lament of Liu Ch'e . . . while elsewhere--

by strannikov

Liu Ch'e's lament for Li Furen

in her silk sleeves is silence sheathed.


each jade tile sprouts jade dust.


in this room soundless cold.


leaves in fallen piles bar the door.


could her consummate soul hide here?


can she hear my heart hold its breath?

= = = = =

grievance from the jade staircase

why, look! the jade stairs sprouted pearls hours ago

—half the night gone, my gauze stockings are soaked through!

once home, I lower my glistening reed blinds

the autumn moon the brightest white pearl of dew.

= = = = =

her beautiful toilet

grass waves blue by a river blue.

in a willow garden lush shade

drapes dark the young woman's small house

with the lone window, the white door.

the beauty powders her face red

lightly lightly with her white hand.

after the courtesans' house—here,

ignored wife of dissolute lout,

absent, missing dissolute lout

who left behind an empty bed.

= = = = =


the friends' leavetaking

where the peaks north of town turn blue

from where their white water bends east—

that spot is where we both depart:

one, dry grass blown ten thousand miles,

mind and soul of an aimless cloud,

the other, too sad for sunset.

hands barely get lifted in wave:

two horses neigh, turn heads, take paths.

= = = = =

Du Fu's spring scene


state a shambles, mountains and rivers endure.

meanwhile, the city hides amidst spring's thick growth.


season's blossoms and flowers shed their spring tears,

migrating birds' songs tell us they soon will leave.


beacon fires have burned for at least three full months.

word from the folks would be worth a pound of gold:


worried, I've scratched bald spots into my white hair,

this hatpin of no use just stuck in the hat.

= = = = =

a chat between Li Bai and Du Fu

Du Fu: midnight

western lodge atop a stark thousand-foot cliff:

at midnight past reed-blinded windows I stroll.


shooting stars on the river flash arcs of white.

sands glow dim in the leftover moonlight late.


birds are hiding in the dark homes of their trees—

likewise, in their waters, large fish find their depths.


friends and relations scattered over the world:

in these days of raging war, no word gets through.


Li Bai: tippling with the moon


beneath blossoms, a lone jug of juice—

just as alone, I fill but one cup:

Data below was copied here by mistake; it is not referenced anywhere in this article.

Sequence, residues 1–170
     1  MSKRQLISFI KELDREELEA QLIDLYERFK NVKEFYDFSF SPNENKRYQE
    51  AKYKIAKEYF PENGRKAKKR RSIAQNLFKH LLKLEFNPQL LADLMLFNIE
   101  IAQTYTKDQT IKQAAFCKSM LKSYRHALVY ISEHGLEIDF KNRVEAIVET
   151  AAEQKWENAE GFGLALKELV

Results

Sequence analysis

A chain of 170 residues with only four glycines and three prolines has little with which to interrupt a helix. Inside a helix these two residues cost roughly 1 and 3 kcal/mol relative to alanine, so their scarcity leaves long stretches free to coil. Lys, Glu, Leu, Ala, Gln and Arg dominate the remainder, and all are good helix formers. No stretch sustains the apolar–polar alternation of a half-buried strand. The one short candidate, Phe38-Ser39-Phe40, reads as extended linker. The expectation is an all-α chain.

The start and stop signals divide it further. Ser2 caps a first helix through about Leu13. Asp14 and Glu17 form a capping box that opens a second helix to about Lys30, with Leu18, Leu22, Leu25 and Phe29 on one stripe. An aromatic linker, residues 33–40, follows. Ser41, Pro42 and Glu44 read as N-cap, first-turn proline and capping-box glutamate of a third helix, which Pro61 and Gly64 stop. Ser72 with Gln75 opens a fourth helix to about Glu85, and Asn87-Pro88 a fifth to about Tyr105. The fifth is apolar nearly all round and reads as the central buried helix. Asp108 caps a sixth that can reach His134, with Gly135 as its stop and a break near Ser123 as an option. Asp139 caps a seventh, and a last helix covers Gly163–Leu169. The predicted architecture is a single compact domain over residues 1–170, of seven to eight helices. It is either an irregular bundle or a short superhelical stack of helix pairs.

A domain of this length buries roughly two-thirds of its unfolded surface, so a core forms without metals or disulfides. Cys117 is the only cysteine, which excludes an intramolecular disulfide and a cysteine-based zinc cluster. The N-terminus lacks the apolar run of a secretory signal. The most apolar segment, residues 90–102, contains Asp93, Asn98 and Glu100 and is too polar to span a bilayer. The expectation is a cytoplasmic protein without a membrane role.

I raise it to toast the rising moon

and spy my shadow toasting with me!


the moon never understands my thirst,

my shadow goes along with my gag:


here, moon and shadow, friends of my cup!

isn't this the pulse of life in spring?


I sing—the moon, a pendulum, sways!

I dance—my shadow writhes higher still!


tippling, we shared a grand good evening—

tippled, we each crawled off on our own:


but agreed on the wisdom of wine,

we plot to take our task to the stars!



Du Fu's first dream of Li Bai


graves left or graves lost, into silence death sinks:

it's leaving the living that leaves us such pain.


south of the Yangtze, where swampy fevers plague,

an exile banished, from whom no words have come.


—and now my old friend visits my dream

(to memories, I add those of dreams):


he does not look quite himself, it's true,

but he's walked a long or longer road.


his ghost blew in from maple groves blue and green

then blew past, leaving me in gathering shade.


ensnared now in someone's sticky legal web,

could you fly to escape on a pair of wings?


the moon sinks low and lights the rafters,

I can't fail to see it light your face:


never sink into deep waters dark,

never let horned dragons conquer you!

= = = = =

detour to Han-shan

unmarked, this highway to Han-shan's hangout,

not one track of hoof or wheel

mountains crowd each other, paths curl right and left,

ridges lining ridges into the air,

a thousand grasses steeped in dew,

clumps of pine strummed by the wind―

now you find you are on no path:

ask your shadow “where are we now?”

=  =  =  =  =

(four more from Han-shan)



my mind is the autumn moon's


clear pale light on a green pool.


in truth, the two can't be compared:


perhaps you could say?





I've wanted to reach the eastern cliff


at least for years and years and years.


yesterday, I grabbed hold of a vine:


halfway up wind and rain met me,


the trail narrowed, my clothes all got snagged,


the moss tried to eat the shoes off my feet:


glad I found this red cinnamon tree,


I'll park my head on a cloud and nap.





I once was a student of book and sword


and met two enlightened lords:


protected the east and earned no reward,


attacked the west and gained no honor.


I read books and studied war,


studied war and read books:


today, I am old,


little else to say.


awww, poor poor scholar―

“hunger” and “cold” are not mere words!

not otherwise employed, writing verse,

line by tenuous line the substance of pulse.

―but no one collects unemployed verse:

self-lacerations must yield blood, not ink.

may as well print them on dog biscuits,

which discerning mutts won't even lick.


=  =  =  =  =